The fireworks and torch at the end were magnificent. I'm not sure what it would have cost to attend the Opening Ceremonies, but I'm sure it would have been far too expensive for me to afford to have been there. Which brings me to my next point... the (un)availability of tickets.
Tickets were especially difficult to find before coming to the Olympics - which discouraged many from making plans to attend the Olympics. Once here, I thought it might be easier to obtain tickets, only to find that there were few options available even for Londoners. It came as a surprise then to see so many unfilled seats at various venues, especially Wimbledon. Apparently I was not alone in making that observation, because several articles have appeared citing a ticket backlash amongst British fans. I can certainly understand why they were upset. Initially, Sebastian Coe (who was in charge of the organizing committee) explained that many empty seats (on Saturday) may have belonged to sponsors or family members of Olympians. He speculated that perhaps the lateness of the Opening Ceremonies may have accounted for many not showing up for early events. Yet, when huge chunks of empty seats remained open on Sunday, the backlash intensified, as reflected by the above article. Officials have promised to fill the seats in the remaining days. But what is the plan to do that?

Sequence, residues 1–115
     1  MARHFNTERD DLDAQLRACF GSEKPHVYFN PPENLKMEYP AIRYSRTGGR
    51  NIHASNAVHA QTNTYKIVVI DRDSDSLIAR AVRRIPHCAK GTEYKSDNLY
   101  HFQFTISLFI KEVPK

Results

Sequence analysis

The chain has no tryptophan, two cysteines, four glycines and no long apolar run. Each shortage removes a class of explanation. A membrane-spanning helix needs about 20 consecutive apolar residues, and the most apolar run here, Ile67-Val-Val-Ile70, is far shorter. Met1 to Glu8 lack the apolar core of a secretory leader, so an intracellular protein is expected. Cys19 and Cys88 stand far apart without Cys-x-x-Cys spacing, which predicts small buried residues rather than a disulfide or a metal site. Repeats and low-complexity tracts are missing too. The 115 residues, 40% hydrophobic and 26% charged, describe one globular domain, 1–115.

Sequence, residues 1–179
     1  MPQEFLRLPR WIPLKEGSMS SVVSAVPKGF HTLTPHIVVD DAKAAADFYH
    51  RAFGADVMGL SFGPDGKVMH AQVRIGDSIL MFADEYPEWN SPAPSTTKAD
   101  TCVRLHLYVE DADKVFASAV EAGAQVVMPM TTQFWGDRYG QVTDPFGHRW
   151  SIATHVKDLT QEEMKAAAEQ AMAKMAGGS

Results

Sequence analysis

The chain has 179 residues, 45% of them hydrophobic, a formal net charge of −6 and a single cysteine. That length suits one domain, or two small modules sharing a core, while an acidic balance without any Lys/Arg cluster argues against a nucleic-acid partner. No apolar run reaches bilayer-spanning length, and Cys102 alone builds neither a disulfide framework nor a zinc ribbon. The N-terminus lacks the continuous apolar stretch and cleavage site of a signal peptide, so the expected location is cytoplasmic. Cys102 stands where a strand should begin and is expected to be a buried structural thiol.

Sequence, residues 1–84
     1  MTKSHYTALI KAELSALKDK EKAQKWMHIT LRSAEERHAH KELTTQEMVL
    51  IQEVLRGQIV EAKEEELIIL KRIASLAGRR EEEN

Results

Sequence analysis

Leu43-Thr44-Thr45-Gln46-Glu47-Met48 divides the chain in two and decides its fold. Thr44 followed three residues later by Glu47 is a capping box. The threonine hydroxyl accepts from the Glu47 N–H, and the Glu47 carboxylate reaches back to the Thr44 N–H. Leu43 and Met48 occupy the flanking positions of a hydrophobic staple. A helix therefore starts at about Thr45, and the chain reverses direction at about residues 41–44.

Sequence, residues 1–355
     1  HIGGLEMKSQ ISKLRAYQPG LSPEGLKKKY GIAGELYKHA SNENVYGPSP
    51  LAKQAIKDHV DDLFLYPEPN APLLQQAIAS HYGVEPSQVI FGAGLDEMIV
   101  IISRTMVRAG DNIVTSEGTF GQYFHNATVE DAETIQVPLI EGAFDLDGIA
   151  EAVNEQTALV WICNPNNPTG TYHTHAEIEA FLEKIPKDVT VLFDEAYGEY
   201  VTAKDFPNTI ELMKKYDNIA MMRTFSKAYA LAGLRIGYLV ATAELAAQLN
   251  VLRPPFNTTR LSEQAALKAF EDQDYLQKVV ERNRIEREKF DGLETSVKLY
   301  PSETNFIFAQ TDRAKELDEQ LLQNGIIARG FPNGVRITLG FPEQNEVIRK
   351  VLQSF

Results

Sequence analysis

Here are some of my suggestions: 1. Why not use seat fillers? At the Academy Awards, seat fillers are used to replace people who leave to use the restroom. In this case, fans who might have to wait in a queue would be more than happy to watch tennis - even at a reduced price - until or if the ticket holder showed up for their seats. And if that person showed up, why not let the seat holder find another seat nearby? A similar system was used at the Australian Open (in tennis) and seemed to work well. 2. One problem with using seat fillers is that those who paid exorbitant rates for tickets might be upset if newbies took nearby seats at a reduced rate. However, what if all tickets were offered at the same price? Again, at the Australian Open, all seats cost the same, so it wouldn't matter if someone seated in the last row got a chance to move down to the first row before allowing those who bought reduced rate tickets to fill in the remaining seats. 3. Wimbledon offers a solution at its grand slam by allowing those with tickets to turn in their stubs after attending so that waiting fans can re-purchase them (again, at a reduced rate) to re-enter and take over seats for remaining matches. The Australian Open had a similar policy and it kept people circulating into the more prestigious seats. 4. Both Wimbledon and the Australian Open also attract swarms of people who buy grounds passes to walk around to various courts. Many of them would more than likely be willing to stand in a queue if they knew they might have a chance to move into more attractive seats - especially on the covered Center Court. When the only court that is covered remains unfilled during rain delays, there should be no excuse for empty seats, especially when there are likely to be literally thousands of people who would be ecstatic to occupy those seats - if only for a brief time. Perhaps we need an "Occupy the Olympics" Movement here!